And angels, take off those hideous hoodies!
Then there is Samson, the one major Old Testament figure assigned to African American actor, but he appears less like an ancient gladiator than an offensive lineman for the Crimson Tide, protecting the quarterback’s blind side. Samson is all brawn, no brain. If you are going to aim for diversity, why not cast an African American as Moses? Or Adam? Adam and Eve as a mixed race couple would have been very interesting. But this is the 1950’s and “Loving vs.Virginia” wasn’t decided until 1967.
Had Deborah been “The Bible’s” Judge of Choice, her story would still have given the film plenty of bloodshed, but lots more intrigue. The Deborah story is no less gory than Samson’s, but at least a woman is in charge – and is she ever! And with female warriors, horses, oodles of mud and sliding chariots, the ratings potential would have been limitless.
Where is Joseph in this series? Not pure enough, I suppose. Intermarried, with Egyptian kids. That didn’t happen in the ’50s. And what about Jacob? Was Jacob too much of a mama’s boy to merit any action here? Would “The Bible” have been too sympathetic to his NRA-friendly hunter-gatherer of a brother, Esau? And what about the Tower of Babel, with its lessons of hubris? No place for ambivalence in this spectacle of triumphalism.
This Red State movie is a neocon’s delight. All the villains are pure Evil, reminiscent of professional wrestlers and those villains on the old B- movies, or that “Batman” series with Adam West. I’d love to see Pharaoh take on Nebuchadnezzar in a steel cage match, with Herod getting the winner, with Hulk Hogan and the Joker waiting in the wings.
We know Abraham was a warrior, but in the Tanakh he forges multiple alliances and makes treaties with gentiles, including one with the king of Salem – later to become Jerusalem. Not here. No, in “The Bible,” we meet the post 9/11, Bush-era Abraham, who chooses to effect regime change all by his lonesome, assisted by the shock and awe of those Kung Fu angels.
Like Abraham, “The Bible’s” Moses is a Marlboro Man, not burdened in the film by attachments to any Midianite wife and kids. Those appendages conveniently don’t exist in the film. He and Abe are depicted as rugged individualists, unconcerned about their place among the nations, since, after all, they have been chosen by God. Theirs is the only nation that matters.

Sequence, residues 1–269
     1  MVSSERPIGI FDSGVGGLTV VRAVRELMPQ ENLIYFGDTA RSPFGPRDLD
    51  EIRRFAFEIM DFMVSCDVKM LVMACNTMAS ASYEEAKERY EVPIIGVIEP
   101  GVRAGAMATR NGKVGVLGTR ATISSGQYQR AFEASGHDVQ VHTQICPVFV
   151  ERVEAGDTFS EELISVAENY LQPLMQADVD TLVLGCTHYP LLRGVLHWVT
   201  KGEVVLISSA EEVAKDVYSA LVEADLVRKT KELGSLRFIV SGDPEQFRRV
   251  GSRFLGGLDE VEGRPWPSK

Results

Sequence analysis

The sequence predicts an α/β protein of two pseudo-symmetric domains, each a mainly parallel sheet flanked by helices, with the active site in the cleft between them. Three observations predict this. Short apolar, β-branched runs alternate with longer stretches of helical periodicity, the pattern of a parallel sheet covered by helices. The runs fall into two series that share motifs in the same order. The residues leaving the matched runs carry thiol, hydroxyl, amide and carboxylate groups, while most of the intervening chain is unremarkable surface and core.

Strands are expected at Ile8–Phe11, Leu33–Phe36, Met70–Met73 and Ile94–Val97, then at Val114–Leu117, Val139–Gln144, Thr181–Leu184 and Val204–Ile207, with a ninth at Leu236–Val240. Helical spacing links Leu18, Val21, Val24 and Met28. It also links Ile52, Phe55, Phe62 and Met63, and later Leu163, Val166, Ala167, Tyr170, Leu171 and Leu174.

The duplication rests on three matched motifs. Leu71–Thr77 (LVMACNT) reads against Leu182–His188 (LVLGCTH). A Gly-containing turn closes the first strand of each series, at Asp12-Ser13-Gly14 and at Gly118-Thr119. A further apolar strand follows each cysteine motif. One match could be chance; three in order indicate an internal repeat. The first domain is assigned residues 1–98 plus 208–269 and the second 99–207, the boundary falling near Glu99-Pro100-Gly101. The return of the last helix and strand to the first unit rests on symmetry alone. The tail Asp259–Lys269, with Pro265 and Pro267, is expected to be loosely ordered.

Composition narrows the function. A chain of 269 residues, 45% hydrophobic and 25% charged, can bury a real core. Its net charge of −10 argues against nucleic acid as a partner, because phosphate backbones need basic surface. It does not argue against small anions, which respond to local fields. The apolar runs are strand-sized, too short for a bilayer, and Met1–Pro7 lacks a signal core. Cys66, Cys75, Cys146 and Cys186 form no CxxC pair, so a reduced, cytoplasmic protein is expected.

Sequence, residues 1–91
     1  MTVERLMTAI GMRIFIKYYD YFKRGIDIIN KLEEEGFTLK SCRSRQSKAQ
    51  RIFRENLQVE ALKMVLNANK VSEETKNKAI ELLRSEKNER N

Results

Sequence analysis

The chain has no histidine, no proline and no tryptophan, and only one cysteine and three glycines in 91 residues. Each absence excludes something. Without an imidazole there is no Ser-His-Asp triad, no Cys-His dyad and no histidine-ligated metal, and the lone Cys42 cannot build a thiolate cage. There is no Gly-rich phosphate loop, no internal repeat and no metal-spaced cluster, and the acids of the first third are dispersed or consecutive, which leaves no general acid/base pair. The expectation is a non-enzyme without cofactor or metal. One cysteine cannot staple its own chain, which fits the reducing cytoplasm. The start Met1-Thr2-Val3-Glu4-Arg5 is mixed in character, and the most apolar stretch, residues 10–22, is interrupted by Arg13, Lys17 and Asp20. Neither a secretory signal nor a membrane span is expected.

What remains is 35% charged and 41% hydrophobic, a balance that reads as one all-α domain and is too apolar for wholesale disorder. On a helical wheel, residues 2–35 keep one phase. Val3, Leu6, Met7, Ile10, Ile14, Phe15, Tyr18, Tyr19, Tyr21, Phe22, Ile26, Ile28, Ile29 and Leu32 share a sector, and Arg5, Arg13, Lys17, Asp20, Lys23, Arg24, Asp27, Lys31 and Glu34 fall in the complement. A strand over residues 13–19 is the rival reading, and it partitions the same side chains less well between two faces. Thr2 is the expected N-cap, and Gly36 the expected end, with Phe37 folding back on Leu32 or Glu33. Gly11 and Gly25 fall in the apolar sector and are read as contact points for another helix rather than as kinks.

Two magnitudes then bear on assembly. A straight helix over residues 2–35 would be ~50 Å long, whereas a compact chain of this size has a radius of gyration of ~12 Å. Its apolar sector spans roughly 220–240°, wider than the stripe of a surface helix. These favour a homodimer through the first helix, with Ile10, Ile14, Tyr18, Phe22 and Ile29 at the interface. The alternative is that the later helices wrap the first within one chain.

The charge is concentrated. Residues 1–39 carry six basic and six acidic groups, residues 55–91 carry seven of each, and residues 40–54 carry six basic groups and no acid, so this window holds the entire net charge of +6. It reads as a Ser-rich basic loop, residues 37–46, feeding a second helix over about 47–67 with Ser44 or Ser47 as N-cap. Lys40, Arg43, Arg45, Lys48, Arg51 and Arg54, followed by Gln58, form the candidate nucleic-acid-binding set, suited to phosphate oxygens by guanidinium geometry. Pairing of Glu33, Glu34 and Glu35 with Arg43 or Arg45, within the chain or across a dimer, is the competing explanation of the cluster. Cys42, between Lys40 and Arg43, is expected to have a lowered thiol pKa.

With God on our team, how can we go wrong? God will keep helping us pile up the victories; all we need to do is keep God happy and protect His blind side.
In “The Bible,” Abraham comes off less a faith hero than, I shudder to say this, psychotic. In this post Newtown world, with clergy-abuse of children rampant, Abraham’s abuse of his own sons hardly evokes surges of faith in the casual viewer. His suspension of the ethical translates into a straight-faced suspension of empathy that would have made even Kierkegaard shudder. And, straying from the Genesis text, the film has no angelic hand staying Abraham’s knife at the moment of truth, with bound Isaac atop Moriah; and, far worse, no clear proclamation that God rejects human sacrifice. All we see are those angelic hooting hoodies on the hillside, signaling for a break in the action like some football coach (perhaps Samson’s) throwing the challenge flag.
Seeing Isaac’s binding here reminded me of a scene in Woody Allen’s “Without Feathers”:
And Abraham fell to his knees, “See, I never know when you’re kidding.”
And the Lord thundered, “No sense of humor. I can’t believe it.”
“But doth this not prove I love thee, that I was willing to donate mine only son on thy whim?”
And the Lord said, “It proves that some men will follow any order no matter how asinine as long as it comes from a resonant, well-modulated voice.”
The problem is that, unlike Allen’s Akeda scene, “The Bible” is not intended to be parody. Many young people watching the film will not be inspired to greater acts of faith; they will be disgusted and turn from faith altogether. And not all of these young people live in blue states.
Many Americans who purport to be “religious” feel that these sacred stories must be accepted as literal truth, as history, rather than as sacred truth, as story. But the literalist view is fraught with danger. Jews, Christians and Muslims all have vast post biblical traditions that protect us from those dangers – from taking “eye for an eye” literally, for example, or the ethnic cleansing prescribed in Deuteronomy and executed in the book of Joshua. Maimonides made it clear that such brutal militaristic adventurism has no place in God’s world.
We need a Blue State Bible, or at least a purple one, a kinder and gentler version, one appropriate for our interconnected, inclusive world.
Maybe they’ll show it on Oprah’s Channel.